Inspired by the US Marine Corps (USMC), the Army Aviation School has adopted their doctrine to train all pilots in both fixed wing as well as rotary aircraft. All students start with the fixed wing course on the Cessna T182T Turbo Skylane and after graduation they will move on to the rotary section where they will fly the AB206R and Huey respectively. Only when they pass the solo flight in the AB206R successfully, they will learn to fly heavier helicopter types, typically the AB205 and UH-1H. Once graduated on the Huey, the selection is made if a pilot will be a fixed-wing or rotary-wing pilot. Rotary-wing pilots move on to the advanced helicopter training on the S-70A-28D Black Hawk and AS532AL Cougar, while fixed-wing pilots will go to the Cessna T-42A and Ce421C and on to the Beech 200. Some helicopter pilots with specific talents get the chance to operate the (Super) Cobra and T129 ATAK attack helicopters.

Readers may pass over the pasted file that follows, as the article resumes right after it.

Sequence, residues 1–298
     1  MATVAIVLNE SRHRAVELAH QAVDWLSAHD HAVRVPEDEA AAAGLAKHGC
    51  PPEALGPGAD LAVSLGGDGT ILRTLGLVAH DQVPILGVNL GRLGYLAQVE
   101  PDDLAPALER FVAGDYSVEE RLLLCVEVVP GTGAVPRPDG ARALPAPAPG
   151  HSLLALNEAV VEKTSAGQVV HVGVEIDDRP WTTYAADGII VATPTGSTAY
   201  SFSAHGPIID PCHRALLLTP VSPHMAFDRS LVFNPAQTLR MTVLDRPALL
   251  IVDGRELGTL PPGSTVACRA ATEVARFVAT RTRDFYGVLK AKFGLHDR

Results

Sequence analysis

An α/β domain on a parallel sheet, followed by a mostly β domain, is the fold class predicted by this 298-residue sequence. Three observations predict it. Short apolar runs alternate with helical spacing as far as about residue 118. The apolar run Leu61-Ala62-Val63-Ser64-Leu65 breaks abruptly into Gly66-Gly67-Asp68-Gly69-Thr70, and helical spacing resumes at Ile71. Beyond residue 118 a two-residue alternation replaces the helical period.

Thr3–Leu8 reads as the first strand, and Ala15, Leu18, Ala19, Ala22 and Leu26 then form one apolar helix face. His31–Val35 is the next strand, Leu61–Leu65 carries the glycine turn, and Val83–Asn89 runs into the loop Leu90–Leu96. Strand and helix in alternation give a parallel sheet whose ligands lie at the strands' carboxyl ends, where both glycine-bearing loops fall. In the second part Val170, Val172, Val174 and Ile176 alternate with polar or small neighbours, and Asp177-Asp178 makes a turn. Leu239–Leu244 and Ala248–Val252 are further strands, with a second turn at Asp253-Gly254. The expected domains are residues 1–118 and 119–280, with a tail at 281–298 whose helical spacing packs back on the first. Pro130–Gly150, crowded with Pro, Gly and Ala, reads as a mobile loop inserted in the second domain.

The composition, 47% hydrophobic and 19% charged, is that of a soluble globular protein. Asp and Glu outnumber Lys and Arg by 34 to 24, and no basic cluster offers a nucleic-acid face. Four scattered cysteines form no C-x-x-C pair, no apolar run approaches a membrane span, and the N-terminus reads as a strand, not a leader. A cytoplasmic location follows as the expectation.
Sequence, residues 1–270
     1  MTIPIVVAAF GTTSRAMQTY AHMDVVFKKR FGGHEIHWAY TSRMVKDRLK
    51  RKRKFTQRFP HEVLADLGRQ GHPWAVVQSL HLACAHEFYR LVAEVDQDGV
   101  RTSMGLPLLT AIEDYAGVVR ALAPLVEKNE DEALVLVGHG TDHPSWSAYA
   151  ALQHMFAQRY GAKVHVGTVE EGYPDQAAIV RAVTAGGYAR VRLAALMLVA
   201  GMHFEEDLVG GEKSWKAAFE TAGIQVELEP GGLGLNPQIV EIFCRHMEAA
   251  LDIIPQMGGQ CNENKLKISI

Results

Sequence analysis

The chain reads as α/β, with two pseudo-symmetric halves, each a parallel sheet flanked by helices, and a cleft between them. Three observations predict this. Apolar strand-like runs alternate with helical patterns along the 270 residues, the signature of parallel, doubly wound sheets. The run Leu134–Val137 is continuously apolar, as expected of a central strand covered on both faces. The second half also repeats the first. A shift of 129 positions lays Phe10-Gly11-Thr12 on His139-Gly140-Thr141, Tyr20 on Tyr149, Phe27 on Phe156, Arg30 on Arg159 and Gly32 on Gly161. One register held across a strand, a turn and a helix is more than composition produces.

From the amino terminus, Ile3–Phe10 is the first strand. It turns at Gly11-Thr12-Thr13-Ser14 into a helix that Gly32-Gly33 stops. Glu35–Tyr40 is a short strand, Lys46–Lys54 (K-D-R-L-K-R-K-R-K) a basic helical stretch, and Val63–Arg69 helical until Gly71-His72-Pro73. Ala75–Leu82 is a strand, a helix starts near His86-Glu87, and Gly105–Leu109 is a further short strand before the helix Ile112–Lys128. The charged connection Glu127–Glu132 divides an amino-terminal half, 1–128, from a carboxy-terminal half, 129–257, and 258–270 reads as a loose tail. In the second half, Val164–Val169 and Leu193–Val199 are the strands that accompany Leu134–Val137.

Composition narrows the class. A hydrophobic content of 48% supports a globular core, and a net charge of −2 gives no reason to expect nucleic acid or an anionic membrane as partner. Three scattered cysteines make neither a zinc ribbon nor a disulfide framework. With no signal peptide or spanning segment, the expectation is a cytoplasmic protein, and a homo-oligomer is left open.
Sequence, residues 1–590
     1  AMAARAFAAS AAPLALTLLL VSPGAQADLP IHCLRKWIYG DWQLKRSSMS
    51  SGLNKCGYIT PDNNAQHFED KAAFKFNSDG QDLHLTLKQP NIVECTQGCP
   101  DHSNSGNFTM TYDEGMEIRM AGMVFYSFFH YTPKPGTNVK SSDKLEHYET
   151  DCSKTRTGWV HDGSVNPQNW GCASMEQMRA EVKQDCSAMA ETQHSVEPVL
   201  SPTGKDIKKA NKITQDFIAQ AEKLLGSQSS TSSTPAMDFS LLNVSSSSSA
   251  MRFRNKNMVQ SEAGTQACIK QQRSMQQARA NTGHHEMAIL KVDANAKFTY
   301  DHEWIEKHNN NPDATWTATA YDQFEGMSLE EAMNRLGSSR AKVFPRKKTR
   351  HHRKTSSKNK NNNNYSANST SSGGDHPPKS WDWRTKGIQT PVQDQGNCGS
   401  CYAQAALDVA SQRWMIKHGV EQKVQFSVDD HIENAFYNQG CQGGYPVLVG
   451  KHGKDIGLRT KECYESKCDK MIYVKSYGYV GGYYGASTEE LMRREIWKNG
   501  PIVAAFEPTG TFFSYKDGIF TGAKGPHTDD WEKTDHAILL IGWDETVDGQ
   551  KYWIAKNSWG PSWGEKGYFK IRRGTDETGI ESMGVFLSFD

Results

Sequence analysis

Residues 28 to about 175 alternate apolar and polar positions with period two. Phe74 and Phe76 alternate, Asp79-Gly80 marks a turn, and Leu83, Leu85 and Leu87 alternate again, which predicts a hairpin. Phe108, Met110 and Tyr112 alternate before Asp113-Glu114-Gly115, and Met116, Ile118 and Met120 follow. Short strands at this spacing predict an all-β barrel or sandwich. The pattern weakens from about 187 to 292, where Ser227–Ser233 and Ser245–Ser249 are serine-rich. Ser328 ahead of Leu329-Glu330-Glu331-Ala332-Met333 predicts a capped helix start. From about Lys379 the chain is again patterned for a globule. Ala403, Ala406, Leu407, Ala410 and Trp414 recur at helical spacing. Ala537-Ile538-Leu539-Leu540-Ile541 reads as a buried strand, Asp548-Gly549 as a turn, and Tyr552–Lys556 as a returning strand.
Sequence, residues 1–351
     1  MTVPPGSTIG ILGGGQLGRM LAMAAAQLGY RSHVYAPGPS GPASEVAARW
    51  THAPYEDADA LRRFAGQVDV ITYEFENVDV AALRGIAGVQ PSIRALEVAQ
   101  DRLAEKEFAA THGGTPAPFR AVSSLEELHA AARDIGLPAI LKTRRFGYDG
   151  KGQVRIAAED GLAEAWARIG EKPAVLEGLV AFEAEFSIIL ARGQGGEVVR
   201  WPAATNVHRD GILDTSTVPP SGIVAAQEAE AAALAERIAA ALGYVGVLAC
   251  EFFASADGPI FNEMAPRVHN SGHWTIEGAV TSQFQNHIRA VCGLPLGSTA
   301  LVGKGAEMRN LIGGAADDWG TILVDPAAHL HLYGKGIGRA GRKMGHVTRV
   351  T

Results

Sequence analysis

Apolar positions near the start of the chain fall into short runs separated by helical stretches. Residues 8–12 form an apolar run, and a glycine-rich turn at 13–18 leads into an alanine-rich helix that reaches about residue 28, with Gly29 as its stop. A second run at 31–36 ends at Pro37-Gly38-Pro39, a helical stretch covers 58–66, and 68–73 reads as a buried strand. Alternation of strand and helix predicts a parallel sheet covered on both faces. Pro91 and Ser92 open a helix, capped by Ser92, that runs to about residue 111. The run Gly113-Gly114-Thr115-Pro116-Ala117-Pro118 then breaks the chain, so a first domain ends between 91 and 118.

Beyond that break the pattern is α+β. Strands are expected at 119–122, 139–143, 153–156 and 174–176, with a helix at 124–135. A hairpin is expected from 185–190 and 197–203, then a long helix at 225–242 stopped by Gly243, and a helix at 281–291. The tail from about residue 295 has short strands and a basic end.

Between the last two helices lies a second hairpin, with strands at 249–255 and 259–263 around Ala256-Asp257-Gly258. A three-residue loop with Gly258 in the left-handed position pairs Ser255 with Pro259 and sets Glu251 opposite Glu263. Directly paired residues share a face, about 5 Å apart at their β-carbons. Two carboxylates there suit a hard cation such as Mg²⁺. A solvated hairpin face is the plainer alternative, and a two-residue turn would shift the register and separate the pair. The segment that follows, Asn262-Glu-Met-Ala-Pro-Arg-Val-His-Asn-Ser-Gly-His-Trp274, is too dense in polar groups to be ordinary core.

In the last few years the Turkish Army has modernized and standardized its equipment. Under the Helimod I and Helimod II programs, the Huey, Cougar and Black Hawk fleets were upgraded and a number of older types were replaced by new types. The Cessna U-17B and Cessna T-41D fleet was replaced by the CeT182T Skylane of which 46 were delivered between Mach 2009 and August 2010. The Bell OH-58Bs were withdrawn from use, leaving only the Bell 206R in the basic helicopter training role. Due to the delay of the introduction of the T129 in the Attack helicopter role, three additional AH-1W Super Cobra helicopters were delivered from USMC stocks in September 2012. In June, the first CH-47F Chinook heavy-lift helicopter was delivered, introducing a new capability for the Army.